Industry disruption - distance landscape design

Industry disruption - distance landscape design

In the early 1990s landscape architects still used drafting boards, Rotring pens and razor blades. 
I worked for Bovis Homes in the UK as a landscape architect. My colleagues and I did surprisingly well, even winning regional awards or two for our efforts designing residential housing developments, display homes and university grounds. Led by our visionary leader ‘Andrew’ we did, however, have a different approach to design than many landscape architect firms. We rarely, if ever, visited site. Our designs were often based solely on information received from engineers, surveyors and architects.

Today with the use of modern technology it is relatively easy to design at a distance. This is certainly true for smaller projects, building a new home, small developments, or home renovation.

A planting plan in Rippon Lea, Melbourne designed remotely from Spotswood, Melbourne.

Designers can, through the use of Google maps, digital photography, email, telephone and Skype discussion, design a landscape just as easily and well as if we had visited the site.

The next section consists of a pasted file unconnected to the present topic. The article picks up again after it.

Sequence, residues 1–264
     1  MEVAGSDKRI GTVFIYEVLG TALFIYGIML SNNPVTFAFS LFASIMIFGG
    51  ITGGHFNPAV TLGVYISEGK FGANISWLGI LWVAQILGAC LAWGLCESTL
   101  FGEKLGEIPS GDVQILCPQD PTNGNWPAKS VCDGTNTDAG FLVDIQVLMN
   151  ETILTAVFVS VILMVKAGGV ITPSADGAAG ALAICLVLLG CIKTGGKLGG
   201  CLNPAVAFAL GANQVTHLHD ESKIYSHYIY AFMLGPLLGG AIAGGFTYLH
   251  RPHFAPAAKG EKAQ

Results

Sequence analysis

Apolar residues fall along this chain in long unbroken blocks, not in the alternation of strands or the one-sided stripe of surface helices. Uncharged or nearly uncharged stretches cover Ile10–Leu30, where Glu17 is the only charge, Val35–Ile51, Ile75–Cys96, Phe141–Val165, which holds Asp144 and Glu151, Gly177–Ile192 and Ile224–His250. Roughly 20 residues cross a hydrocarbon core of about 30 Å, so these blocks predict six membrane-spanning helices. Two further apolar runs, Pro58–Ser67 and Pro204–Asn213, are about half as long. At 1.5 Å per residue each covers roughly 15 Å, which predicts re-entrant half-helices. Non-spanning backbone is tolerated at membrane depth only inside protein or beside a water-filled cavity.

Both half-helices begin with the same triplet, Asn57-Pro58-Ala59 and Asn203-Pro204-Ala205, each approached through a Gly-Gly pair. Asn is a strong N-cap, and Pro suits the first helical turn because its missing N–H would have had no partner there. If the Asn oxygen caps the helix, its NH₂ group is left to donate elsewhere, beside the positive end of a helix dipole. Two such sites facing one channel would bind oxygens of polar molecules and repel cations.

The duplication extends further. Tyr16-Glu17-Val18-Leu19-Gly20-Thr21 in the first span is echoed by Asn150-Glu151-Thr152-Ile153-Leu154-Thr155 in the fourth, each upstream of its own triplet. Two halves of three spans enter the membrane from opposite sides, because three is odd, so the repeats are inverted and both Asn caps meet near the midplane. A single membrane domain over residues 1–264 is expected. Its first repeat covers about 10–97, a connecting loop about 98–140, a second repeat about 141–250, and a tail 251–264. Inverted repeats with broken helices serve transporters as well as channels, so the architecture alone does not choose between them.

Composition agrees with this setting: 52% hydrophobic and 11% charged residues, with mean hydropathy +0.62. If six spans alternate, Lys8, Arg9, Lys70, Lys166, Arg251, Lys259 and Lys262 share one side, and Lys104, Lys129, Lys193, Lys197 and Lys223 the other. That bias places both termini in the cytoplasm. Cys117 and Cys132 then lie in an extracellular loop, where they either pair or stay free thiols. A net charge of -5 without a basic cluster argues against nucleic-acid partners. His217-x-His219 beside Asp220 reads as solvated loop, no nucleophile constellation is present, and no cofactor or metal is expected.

To those that would throw up their arms in disbelief, I admit that site visits are often preferable. But just remember that the famous UK designer David Stevens, author of numerous books, has been 'postal designing' for many many years with great success.
The incredible advances in technology are very rapidly meaning that visiting site is not as necessary as one might think. This is especially good news for building designers, developers and home owners in remote locations.

A project in Adelaide designed from Melbourne.

Pros and Cons
The most obvious benefits of designing from a distance are:

  • the reduction in time spent travelling to and from site (less ‘waffle-time’ in meetings and less ‘hassle time’ in traffic.)
  • the flexibility with on-line meetings via Skype and communication via email. The client has a very flexible way of communicating with the designer unconstrained by physical location. 

The most obvious cons are:

  • Not visiting site or the local area
  • Not meeting client in person

3D animations and imagery as part of a distance design project.

The vast amount of information required to develop a landscape plan is available equally to both in-person and distance designers. Information pertaining to the site layout, soil analysis, weather, local plant types, materials and contractors is all available in digital format, online or as digital files.

The distance designer (and consequently the client) actually misses out on very little. 
He or she still uses CAD software, email, dropbox and google drive etc for communication and handling files. The design process remains the same. Consultation, concept, detail, etc. are still required. But now the way those concepts and details are discussed and communicated has changed.

For the forward thinking, tech savvy home owner or developer, in a busy world, distance design works.